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Jun 01, 2004
Punitive damages and the budgetby Jamie Court
The following commentary by Jamie Court was published in The San Diego Union-Tribune on June 1, 2004:
Gov. Arnold Schwarzenegger recently grabbed headlines with a flashy proposal to give 75 percent of punitive damage awards to the state to help balance the budget. As with much of Schwarzenegger's previous work, however, the preview is all that is worth seeing. As a budget balancer, the proposal is a red herring.
In principle, there is nothing wrong with a small portion of punitive damage awards reverting to the state. In fact, that's something consumer advocates have called for in the past. The big problems with Schwarzenegger's proposal are his timing and his sense of proportion.
First, there simply are not supersized punitive damages any more after a recent U.S. Supreme Court ruling, State Farm v. Campbell. In April 2003, the court strictly capped every punitive damage verdict in the nation so that juries are no longer free to punish corporations' for malice and oppression, the standard for punitive damages. Punitive damages can now, as a rule of thumb, be no more than nine times the amount of other compensatory losses. That means if a consumer recovers $1 million in damages for actual losses, punitive damages should not be more than $9 million.
Taking 75 percent of that now-limited amount from injured consumers would be punitive. Even more punitive is, as Schwarzenegger also proposes, stopping makers of exploding gas tanks and other dangerous products from having to pay punitive damages in every case. Schwarzenegger wants to have wrongdoers pay for their malice only in the first product liability case, which would greatly help many of Schwarzenegger's corporate donors -- like Pfizer, which made the dangerous diabetes drug Rezulin. That would actually reduce payouts to the state treasury under his proposal. Given the restrictions of the Campbell ruling, it also would severely reduce deterrence for wrongdoers.
To understand the impact of the State Farm v. Campbell ruling, consider that in the year prior to the ruling $28.5 billion in punitive damage awards were recorded by California courts in cases with total compensation of $29.1 billion. In the year following the ruling, judges and juries awarded only $1.03 billion in cases worth $1.24 billion.
To be sure, $1 billion in punitive damage awards is nothing to sneeze at -- that is if those awards conform to the Campbell ruling on appeal, which they may not. The reality, though, is that the vast majority of punitive damage awards by judges and juries in California are never paid. The reason is defendants' insurance policies in California do not cover punitive damage payouts. As a result, a settlement is usually reached after the verdict, and the payout is not categorized as punitive damages so the defendants' insurance kicks in.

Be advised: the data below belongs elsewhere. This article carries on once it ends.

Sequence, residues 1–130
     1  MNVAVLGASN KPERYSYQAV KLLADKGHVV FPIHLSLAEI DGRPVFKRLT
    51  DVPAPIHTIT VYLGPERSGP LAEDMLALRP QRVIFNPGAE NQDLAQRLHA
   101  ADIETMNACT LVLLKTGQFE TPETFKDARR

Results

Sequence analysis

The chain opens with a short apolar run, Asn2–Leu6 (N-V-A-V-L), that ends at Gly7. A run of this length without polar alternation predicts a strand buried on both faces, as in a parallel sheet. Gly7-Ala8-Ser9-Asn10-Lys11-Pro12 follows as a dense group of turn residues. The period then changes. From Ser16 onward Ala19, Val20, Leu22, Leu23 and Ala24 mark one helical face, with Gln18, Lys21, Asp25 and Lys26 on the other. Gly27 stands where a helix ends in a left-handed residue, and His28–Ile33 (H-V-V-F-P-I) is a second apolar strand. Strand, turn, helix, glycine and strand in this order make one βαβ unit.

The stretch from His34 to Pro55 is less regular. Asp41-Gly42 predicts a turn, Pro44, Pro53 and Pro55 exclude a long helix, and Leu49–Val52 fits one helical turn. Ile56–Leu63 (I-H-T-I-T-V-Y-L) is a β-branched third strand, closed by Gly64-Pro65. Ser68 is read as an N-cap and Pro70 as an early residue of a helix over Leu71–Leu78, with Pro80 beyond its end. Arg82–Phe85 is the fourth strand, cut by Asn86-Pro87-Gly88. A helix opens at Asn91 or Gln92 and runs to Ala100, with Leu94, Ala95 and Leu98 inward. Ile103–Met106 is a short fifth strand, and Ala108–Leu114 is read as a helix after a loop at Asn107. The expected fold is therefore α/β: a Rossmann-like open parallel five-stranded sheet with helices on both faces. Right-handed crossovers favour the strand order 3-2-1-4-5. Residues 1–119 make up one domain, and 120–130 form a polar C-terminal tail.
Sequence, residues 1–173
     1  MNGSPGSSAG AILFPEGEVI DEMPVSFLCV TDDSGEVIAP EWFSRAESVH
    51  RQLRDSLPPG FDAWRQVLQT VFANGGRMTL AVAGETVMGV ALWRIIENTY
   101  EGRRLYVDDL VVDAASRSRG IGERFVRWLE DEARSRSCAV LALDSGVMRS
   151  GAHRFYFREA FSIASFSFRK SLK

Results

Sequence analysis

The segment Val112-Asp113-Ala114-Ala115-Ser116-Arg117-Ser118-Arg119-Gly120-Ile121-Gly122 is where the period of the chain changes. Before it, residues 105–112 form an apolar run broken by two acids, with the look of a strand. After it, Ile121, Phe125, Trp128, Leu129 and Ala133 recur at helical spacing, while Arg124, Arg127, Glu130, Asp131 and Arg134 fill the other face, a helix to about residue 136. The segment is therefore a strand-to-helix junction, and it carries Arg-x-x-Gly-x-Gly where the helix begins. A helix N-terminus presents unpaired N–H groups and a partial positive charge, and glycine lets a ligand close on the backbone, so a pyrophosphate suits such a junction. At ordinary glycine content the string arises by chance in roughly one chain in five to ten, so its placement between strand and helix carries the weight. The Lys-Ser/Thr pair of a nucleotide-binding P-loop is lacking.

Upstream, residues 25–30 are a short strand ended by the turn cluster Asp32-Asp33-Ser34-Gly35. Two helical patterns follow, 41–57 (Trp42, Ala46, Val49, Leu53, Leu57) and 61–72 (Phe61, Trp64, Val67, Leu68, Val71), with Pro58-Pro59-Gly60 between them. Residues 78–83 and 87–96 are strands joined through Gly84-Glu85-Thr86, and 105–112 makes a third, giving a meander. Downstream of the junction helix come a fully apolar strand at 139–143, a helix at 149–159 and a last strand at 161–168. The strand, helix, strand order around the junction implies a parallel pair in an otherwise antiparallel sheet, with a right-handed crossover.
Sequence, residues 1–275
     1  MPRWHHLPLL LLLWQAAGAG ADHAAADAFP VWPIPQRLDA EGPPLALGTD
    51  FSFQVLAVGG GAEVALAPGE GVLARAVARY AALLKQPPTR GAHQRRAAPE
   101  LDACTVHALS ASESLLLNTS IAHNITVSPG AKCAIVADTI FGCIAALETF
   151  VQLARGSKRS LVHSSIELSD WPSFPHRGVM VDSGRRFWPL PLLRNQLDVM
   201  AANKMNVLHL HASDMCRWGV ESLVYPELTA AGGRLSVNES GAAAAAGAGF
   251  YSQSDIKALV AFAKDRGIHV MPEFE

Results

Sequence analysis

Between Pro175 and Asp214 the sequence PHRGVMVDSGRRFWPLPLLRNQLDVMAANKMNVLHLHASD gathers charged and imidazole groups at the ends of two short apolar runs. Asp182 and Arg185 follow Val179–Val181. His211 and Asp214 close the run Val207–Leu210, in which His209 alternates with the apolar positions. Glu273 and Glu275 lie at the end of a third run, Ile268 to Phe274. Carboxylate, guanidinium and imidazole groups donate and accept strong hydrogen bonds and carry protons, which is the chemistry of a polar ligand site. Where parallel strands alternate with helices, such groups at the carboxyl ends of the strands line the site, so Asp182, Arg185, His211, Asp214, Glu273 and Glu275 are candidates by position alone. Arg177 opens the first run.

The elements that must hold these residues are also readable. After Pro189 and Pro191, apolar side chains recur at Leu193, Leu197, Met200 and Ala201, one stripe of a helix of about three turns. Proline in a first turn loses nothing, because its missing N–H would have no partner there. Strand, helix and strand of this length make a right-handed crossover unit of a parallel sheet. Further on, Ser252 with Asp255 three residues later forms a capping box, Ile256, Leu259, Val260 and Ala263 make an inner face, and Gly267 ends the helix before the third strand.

Plaintiffs have a dual incentive to settle in such cases. First, they will not have to face costly appeals. Second, punitive damages are taxable to the recipient, whereas a lump-sum settlement does not clearly carry tax liability.
The irony of current tax policy is that while the innocent victims who receive punitive damages must pay taxes on them, the payors -- those who commit malice and oppression -- can write off the payments as a tax deduction. If the governor wants to truly generate money for the state by fixing a legal inequity, he should change tax treatment of all legal damages and settlements.
Let's start with the notion that any corporation or individual that is held accountable by a court for fraud, intentional wrongdoing, bad faith, extreme and outrageous conduct or civil rights violations should pay taxes on any payout or settlement resulting from the case. Terminating tax breaks for convicted wrongdoers in California could be a real boon for the state treasury, if the governor is willing to take on the special interest groups that will want to keep their write offs.
Congressional debate over tax treatment of punitive damages never resulted in reform, but it did produce a dramatic snapshot of the problem. Exxon's $1.1 billion settlement with the U.S. government over the Exxon Valdez oil spill litigation cost Exxon a maximum of $524 million after the oil company's tax deductions. The Congressional Research Office found that more than half of the civil damages totaling $900 million could be written off on Exxon's federal tax return.
In California, where punitive damages are far less frequently paid, the trick for the governor will be to throw a bigger tax net around payments by big companies for wrongful conduct that should not win them a tax deduction.
If Schwarzenegger is the man of the people he says he is, he will balance his budget on the backs of wrongdoers, not innocent victims of malice.
Court, a consumer activist, is author of "Corporateering: How Corporate Power Steals Your Personal Freedom and What You Can Do About It."
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